US6595056B2 - Micromachined silicon gyro using tuned accelerometer - Google Patents

Micromachined silicon gyro using tuned accelerometer Download PDF

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Publication number
US6595056B2
US6595056B2 US09778434 US77843401A US6595056B2 US 6595056 B2 US6595056 B2 US 6595056B2 US 09778434 US09778434 US 09778434 US 77843401 A US77843401 A US 77843401A US 6595056 B2 US6595056 B2 US 6595056B2
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Prior art keywords
accelerometer
structure
pendulum
gyro
silicon
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Expired - Fee Related
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US09778434
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US20020104378A1 (en )
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Robert E. Stewart
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Northrop Grumman Guidance and Electronics Co Inc
Northrop Grumman Systems Corp
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Northrop Grumman Guidance and Electronics Co Inc
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    • GPHYSICS
    • G01MEASURING; TESTING
    • G01CMEASURING DISTANCES, LEVELS OR BEARINGS; SURVEYING; NAVIGATION; GYROSCOPIC INSTRUMENTS; PHOTOGRAMMETRY OR VIDEOGRAMMETRY
    • G01C19/00Gyroscopes; Turn-sensitive devices using vibrating masses; Turn-sensitive devices without moving masses; Measuring angular rate using gyroscopic effects
    • G01C19/56Turn-sensitive devices using vibrating masses, e.g. vibratory angular rate sensors based on Coriolis forces

Abstract

A micromachined silicon tuned accelerometer gyro is formed out of silicon wafers, by micromachining. The top and bottom cover which include driver, forcer, tuning and guard ring elements mounted therein are micromachined in arrays on silicon-on-insulator (SOI) wafers. The center (driver and sensing) element between the top and bottom is micromachined in an array of four inch diameter silicon wafers. The driver and sensing structure is a tuned pendulum attached by flexure joints to a vibrating structure which is in then suspended by a parallelogram dither suspension. The pendulum is tuned by adjusting the magnitude of a d.c. signal to match the natural frequency of the pendulum to the natural frequency of the vibrating structure. The dither suspension flexures of the vibrating structure is uniquely defined and easily machined but yet provides a dither suspension that restrains the vibrating structure within its vibrating plane with no harmonic distortion.

Description

BACKGROUND OF THE INVENTION

1. Field of the Invention

The present invention relates to an inertial instrument and more specifically pertains to vibrating accelerometers used as multi-sensors for measuring linear acceleration and rate of rotation of a moving body.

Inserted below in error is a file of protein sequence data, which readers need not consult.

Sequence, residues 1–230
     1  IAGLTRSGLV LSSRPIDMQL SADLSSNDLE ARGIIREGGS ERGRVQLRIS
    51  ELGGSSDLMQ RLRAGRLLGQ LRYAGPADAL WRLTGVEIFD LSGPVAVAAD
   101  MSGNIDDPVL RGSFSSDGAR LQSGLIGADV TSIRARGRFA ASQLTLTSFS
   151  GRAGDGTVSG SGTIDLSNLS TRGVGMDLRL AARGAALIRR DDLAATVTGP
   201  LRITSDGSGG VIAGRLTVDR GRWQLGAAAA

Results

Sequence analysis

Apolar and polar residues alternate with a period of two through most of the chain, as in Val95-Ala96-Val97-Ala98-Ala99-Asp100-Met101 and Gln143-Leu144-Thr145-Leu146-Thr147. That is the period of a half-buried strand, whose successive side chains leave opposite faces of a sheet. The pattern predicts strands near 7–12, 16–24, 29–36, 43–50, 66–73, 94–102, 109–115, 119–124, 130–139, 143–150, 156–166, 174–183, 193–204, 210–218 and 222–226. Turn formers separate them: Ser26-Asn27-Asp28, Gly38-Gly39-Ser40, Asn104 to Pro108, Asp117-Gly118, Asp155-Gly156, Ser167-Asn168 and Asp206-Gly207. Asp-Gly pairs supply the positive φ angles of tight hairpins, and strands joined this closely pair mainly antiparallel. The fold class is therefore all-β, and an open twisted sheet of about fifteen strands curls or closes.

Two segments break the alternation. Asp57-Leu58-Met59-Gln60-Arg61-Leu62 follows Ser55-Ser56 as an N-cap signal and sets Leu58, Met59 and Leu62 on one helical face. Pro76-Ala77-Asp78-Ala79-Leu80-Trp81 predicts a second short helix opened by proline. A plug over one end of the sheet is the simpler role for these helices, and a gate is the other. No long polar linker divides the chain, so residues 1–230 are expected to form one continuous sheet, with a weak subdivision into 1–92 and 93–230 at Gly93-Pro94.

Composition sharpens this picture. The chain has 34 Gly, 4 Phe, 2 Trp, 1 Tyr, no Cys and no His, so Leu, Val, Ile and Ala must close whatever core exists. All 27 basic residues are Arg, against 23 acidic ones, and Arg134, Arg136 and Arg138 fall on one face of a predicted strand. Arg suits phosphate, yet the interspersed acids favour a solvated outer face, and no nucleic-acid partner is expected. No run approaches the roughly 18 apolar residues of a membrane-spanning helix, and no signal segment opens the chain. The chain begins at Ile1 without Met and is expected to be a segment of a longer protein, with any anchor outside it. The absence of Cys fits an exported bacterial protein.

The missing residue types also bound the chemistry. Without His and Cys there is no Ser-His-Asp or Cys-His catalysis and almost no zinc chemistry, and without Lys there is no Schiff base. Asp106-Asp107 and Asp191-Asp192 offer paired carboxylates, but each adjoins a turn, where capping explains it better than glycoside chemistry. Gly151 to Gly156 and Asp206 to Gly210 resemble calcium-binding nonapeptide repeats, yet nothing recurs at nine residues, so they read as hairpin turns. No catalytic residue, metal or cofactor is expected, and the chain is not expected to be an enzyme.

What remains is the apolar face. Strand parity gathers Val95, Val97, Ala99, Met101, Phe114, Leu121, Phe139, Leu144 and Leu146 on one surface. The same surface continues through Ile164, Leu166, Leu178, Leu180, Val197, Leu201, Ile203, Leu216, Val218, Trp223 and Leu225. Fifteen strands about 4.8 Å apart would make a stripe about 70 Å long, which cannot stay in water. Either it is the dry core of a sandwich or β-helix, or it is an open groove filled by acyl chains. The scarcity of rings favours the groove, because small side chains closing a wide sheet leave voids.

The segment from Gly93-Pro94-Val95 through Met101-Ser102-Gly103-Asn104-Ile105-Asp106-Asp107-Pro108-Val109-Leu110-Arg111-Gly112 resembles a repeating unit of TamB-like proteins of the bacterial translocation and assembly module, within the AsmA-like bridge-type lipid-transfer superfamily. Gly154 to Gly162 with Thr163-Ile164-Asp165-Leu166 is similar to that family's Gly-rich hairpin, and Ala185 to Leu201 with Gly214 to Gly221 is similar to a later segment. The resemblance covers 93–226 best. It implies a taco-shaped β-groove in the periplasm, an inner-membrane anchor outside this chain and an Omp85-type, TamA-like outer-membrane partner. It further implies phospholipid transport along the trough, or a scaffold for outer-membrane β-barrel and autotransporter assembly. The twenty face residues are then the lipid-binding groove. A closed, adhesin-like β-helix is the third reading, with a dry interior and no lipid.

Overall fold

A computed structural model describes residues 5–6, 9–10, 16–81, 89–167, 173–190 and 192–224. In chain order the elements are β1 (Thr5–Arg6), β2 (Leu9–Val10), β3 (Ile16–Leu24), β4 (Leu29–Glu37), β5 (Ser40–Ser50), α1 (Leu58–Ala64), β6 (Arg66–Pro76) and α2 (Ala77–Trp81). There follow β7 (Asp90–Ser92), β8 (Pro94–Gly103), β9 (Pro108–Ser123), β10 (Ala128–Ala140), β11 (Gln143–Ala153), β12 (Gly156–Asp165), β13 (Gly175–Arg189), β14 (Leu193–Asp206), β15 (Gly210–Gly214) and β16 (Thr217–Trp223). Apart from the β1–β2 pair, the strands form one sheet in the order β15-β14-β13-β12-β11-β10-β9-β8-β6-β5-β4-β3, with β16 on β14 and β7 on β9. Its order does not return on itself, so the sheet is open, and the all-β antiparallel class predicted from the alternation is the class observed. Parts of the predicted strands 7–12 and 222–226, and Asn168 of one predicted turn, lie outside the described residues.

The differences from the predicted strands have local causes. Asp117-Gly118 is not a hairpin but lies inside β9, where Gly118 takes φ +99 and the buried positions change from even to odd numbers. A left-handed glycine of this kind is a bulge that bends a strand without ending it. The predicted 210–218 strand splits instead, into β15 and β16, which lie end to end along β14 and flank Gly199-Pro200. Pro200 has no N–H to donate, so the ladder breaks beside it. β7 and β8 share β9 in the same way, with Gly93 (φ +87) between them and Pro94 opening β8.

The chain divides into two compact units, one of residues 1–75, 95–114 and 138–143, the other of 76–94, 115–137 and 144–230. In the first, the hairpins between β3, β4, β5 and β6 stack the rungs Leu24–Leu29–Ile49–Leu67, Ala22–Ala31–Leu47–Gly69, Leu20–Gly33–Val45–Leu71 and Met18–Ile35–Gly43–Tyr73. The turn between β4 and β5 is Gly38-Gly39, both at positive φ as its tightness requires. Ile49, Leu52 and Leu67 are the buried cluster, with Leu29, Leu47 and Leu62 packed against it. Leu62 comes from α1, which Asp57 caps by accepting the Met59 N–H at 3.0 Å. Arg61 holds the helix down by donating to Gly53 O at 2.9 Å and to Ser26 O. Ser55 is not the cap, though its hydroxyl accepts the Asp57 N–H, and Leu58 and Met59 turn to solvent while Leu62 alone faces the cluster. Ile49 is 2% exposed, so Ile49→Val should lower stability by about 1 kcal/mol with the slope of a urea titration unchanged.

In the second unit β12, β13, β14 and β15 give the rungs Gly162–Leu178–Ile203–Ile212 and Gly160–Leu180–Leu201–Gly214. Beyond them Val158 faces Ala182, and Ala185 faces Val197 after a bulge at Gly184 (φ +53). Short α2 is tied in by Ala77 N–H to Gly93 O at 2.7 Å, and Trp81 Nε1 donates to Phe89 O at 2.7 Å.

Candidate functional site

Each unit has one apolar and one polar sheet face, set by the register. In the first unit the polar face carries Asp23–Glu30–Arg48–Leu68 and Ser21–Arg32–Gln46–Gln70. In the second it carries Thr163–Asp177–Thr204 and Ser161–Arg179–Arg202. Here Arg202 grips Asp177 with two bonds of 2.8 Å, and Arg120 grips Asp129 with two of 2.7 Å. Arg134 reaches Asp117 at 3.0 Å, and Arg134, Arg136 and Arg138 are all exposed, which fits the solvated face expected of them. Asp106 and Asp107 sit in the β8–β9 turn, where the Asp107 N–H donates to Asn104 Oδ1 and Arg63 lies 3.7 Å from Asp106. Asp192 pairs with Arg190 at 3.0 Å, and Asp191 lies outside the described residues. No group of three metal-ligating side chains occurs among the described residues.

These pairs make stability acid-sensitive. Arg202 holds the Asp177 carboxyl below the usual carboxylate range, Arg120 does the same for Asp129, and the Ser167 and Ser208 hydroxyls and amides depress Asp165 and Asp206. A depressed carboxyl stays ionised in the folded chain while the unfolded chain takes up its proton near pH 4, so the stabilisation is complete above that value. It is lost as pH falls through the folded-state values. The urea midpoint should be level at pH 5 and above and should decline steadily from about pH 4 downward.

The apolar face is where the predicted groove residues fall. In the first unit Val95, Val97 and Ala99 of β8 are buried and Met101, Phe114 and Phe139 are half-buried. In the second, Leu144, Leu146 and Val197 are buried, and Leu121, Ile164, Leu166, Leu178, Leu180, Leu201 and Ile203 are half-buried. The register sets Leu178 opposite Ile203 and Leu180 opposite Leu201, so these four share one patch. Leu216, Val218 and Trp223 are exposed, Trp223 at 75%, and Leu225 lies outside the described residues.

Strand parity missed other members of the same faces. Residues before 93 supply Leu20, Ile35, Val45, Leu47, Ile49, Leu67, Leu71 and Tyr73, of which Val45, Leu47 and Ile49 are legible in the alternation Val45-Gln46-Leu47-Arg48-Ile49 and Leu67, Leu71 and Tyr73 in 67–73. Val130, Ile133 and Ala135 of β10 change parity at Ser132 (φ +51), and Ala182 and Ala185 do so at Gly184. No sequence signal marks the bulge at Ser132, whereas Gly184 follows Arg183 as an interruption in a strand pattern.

2. Description of Prior Art

Gyroscopes and accelerometers are well known for use sensing angular velocity and acceleration for determining location, direction, position and velocity of a moving vehicle.

A desire for miniaturization, reduced cost and improved performance requires almost impossible accuracies in the actual structure of the accelerometer.

SUMMARY OF THE INVENTION

The present invention provides a tuned-accelerometer gyro micromachined out of silicon wafers. The sensing and driver elements comprise a tuned silicon pendulum attached by a flexure hinge to a vibrating structure which is in turn is attached to a frame by dither suspension which restrains movement of the vibrating structure to in the plane of motion. The pendulum is free to rotate about its hinge out of the plane of the vibrating motion. Four flexures forming a parallelogram dither suspension are located in pairs on opposite sides of the pendulum, close to the top and bottom ends of the pendulum.

BRIEF DESCRIPTION OF THE DRAWINGS

The exact nature of this invention as well as its objects and advantages will become readily apparent from consideration of the following specification in relation to the accompanying drawings in which like reference numerals designate like parts throughout the figures thereof and wherein:

FIG. 1 is a top plane view of the driven and sensing element of an accelerometer according to the present invention;

FIG. 2 is a top plane view of the top and bottom cover containing driver, forcer, and tuning electrodes for an accelerometer according to the present invention; and

FIG. 3 is a side plane view showing the three elements of the tuned accelerometer of the present invention before assembly.

DESCRIPTION OF THE PREFERRED EMBODIMENT

The silicon accelerometer-gyro of the present invention is based on the sensing and measuring of Coriolis induced accelerations acting on a vibrating accelerometer undergoing rotation, as a means for measuring angular rotation rates. The accelerometer consists of three elements, a driven and sensing element (FIG. 1), a top cover with driver, forcer and tuning electrodes (FIG. 2), and a bottom cover with driver, forcer and tuning electrodes (FIG. 2).

Each driven and sensing element 30 is preferably micromachined in an array on four-inch or greater diameter, 500 microns or thicker, silicone wafers. The driven and sensing element consists of a tuned pendulum or proof mass 43 supported by a pendulum flexure hinge 41 fastened to a vibratory driving structure 32 which includes four dither suspension flexures 39, 40, 42 and 44. Driven and pickoff elements 37 are micromachined on structure 32. The tuned pendulum or proof mass 43 flexes about flexure hinge 41 in a direction perpendicular to the plane of the pendulum of FIG. 1. The perimeter of the pendulum 43 is located within an open channel 35 which is cut out of the vibratory driving structure 32.